suggestioni musicali a cura di raffaello russo
Lucy Roleff’s music is shaped by distance: physical, as she’s based in Melbourne, of musical style, for her connections to an ancient minimal folk, of themes, given her partial move from the intimate loneliness of her debut album “This Paradise” (2016), to the wider dimension of the new “Left Open In A Room“.
Your songs display a minimalist folk attitude, but also a focus on creating some kind of intimate atmosphere: how can you describe the connection between tradition and sound research in your creative attitude?
I am very drawn to minimal folk music, particularly artists of the 60s/70s british folk revival, as well as a number of contemporary ‘bedroom’ folk artists. I just love the purity and closeness of the voices and instruments, keeping things quite raw and human. I am very lucky to have worked with two producers over the years (Tony Dupé on my last record and Pascal Babare on this one) both who have really understood the importance of conveying that intimate atmosphere you mention, while still leaving space for extra arrangements. Coming from a classical background, much of what I do is informed by traditional practices and a sense of craftsmanship, so I like to keep things rooted there while still being open to new things. I am a bit obsessed with the baroque period in classical music, so it makes sense that I can’t help adding embellishments here and there! I especially enjoy arranging for woodwind instruments and vocals. The contemporary finds its way in via my lyrics and in instruments such as electric guitar with subtle effects.
What kind of music were you listening to as a child?
Oh, quite a mix! I wasn’t really allowed to listen to commercial radio for a chunk of my childhood. My Dad is a classical tenor so we heard lots of classical music, a lot of AM radio and some interesting ‘exotic’ performers such as Yma Sumac and Ivan Rebroff. All I really knew of pop music for a while was from my Mum’s small CD collection, which included artists like Billy Joel, Neil Diamond and Supertramp. She also had a Greatest Hits vinyl compilation that I used to play all the time and choreograph little dances to. We also went to church every week so I heard a lot of music there. I think I can remember the feeling of realizing I was a bit behind at some point in primary school when kids were talking about music they’d heard on FM radio, and so I asked my Mum to let us play it in the car. It was so abrasive! But of course as a kid I loved it and fell hard for groups like The Spice Girls and Aqua.
When did you realize you were going to be a singer songwriter? What drove you to become one?
I was writing little songs from a very early age, like 7 or 8. My cousin Alice wrote songs too, so when we saw each other we would perform them for each other and it was mostly just for fun. I was also in a choir for girls from age 5, and learned several instruments, so I sang and played all the time and wasn’t very shy back then. Performing was very normal because I had to do it all the time. It wasn’t until my teen years that I was exposed to the music that would really inspire me to want to pursue songwriting. I remember this summer when I was 16 or so, and I somehow came across a couple of CDs by artists in the folk genre, and played them on the CD player in my Mum’s car. I felt my mind opening, I suppose – the lyrics were just so compelling in how they spoke of ordinary things – going for a walk, doing the dishes, romances (in a not-typical way), just observing little things really. I think it was around then I stopped having private lessons in voice and instruments, and just taught myself classical guitar and started writing songs in the similar style to what I do now.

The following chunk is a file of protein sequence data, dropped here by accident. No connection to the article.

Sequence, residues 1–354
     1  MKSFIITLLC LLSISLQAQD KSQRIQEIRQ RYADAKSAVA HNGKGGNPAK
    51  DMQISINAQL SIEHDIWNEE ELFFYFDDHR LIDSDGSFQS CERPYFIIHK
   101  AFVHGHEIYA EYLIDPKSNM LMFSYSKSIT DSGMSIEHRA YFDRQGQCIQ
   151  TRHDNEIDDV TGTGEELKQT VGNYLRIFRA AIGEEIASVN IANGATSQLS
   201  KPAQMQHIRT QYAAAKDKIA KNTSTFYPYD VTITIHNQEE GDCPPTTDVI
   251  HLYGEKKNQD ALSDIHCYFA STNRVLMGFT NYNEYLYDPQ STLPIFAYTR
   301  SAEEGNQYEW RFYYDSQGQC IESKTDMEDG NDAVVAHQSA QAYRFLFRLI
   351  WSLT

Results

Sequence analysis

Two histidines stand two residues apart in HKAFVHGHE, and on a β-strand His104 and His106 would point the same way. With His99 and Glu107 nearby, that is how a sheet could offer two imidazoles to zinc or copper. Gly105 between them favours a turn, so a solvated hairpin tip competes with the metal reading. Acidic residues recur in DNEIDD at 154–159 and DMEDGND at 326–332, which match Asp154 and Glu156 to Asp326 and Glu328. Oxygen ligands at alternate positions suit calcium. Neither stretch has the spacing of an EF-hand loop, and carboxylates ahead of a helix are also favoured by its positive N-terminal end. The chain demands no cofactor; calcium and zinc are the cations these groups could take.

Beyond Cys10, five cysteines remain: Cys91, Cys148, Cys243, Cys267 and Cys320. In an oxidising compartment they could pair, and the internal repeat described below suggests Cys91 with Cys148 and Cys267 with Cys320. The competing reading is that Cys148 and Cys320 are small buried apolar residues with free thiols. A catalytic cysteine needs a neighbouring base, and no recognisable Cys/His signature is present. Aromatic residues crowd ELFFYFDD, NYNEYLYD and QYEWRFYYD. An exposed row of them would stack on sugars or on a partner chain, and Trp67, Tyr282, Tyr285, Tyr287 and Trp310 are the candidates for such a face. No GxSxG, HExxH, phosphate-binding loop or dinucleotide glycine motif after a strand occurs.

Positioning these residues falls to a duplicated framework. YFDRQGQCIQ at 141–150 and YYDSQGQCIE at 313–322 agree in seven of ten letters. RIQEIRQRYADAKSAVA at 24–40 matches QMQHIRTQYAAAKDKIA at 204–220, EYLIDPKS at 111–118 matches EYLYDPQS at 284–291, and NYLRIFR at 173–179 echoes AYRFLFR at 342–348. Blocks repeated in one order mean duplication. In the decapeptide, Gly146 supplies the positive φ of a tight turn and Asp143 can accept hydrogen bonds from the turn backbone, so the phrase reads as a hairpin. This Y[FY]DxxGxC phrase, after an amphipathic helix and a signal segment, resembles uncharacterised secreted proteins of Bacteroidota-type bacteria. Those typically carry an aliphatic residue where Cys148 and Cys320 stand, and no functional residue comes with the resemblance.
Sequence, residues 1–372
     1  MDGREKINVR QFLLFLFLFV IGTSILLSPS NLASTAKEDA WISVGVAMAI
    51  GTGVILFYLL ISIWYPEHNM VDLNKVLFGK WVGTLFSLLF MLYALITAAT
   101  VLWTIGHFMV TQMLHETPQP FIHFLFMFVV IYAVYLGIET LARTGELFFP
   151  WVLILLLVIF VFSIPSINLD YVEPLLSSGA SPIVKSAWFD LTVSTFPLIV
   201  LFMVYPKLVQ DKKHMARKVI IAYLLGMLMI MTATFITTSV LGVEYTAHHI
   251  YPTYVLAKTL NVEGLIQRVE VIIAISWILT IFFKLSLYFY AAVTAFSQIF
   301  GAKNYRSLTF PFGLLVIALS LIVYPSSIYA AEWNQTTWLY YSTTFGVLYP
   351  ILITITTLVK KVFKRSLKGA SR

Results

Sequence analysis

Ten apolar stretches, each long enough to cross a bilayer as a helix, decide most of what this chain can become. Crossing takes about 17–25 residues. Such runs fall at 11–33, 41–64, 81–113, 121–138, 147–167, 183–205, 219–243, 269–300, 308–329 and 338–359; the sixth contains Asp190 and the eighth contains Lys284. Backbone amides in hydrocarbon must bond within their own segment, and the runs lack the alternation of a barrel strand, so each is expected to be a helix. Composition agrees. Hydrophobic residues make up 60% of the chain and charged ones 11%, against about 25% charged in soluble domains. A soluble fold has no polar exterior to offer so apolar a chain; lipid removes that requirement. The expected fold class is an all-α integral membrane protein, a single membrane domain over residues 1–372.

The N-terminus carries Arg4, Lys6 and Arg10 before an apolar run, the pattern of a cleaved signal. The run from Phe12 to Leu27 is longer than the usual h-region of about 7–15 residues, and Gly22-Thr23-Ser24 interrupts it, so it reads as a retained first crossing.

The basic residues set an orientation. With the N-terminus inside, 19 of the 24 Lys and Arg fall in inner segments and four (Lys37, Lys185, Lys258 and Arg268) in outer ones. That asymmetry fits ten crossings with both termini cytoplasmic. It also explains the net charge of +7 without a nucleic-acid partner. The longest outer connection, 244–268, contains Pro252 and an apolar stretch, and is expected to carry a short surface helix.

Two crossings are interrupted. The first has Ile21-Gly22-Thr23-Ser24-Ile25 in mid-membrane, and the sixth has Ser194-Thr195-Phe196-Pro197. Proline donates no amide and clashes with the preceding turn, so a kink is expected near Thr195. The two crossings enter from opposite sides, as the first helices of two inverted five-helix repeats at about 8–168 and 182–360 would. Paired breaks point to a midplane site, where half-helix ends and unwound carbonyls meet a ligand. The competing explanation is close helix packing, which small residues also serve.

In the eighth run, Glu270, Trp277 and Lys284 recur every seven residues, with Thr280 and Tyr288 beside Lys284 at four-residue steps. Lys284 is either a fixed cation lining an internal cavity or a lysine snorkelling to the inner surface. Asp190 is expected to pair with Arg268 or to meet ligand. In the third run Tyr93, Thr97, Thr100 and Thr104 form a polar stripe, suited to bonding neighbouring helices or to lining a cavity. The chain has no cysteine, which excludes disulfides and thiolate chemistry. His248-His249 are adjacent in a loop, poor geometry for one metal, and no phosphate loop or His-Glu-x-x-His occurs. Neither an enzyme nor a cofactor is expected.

Is there a particular inspiration in your way of singing? Or is it just the way your voice naturally springs?
I love this question and am very curious about the story of how people develop their singing voices, and have spoken about this a few times with other singers. I think being trained in choral and classical singing throughout my childhood and teen years was very formative – it informs my control, breathing, and perhaps the sound too in a totally unconscious way. But I do remember as a teenager I adopted a much more breathy, pop style of singing and sang with an American accent because I heard so much American stuff on the radio. I remember my sister gently asking why I sang in an American accent, and I’m so glad she did! I dropped it straight away. I think also hearing singers like Joni Mitchell and Tori Amos at the time, who embraced more ‘classical’ aspects of singing gave me the courage to let those parts of my voice come out. My voice is naturally quite low, so the classical training perhaps also gives me the confidence to go for the higher range, which is not so natural for me. These days I get compared to voices like Nick Drake and Bridget St John which is a huge compliment because I see their voices as very natural, and also true to them. I am admittedly very picky about voices and find it hard to listen to contemporary singers who are clearly copying another artist’s voice. You need to hear something of the personality of the person to believe it, I feel.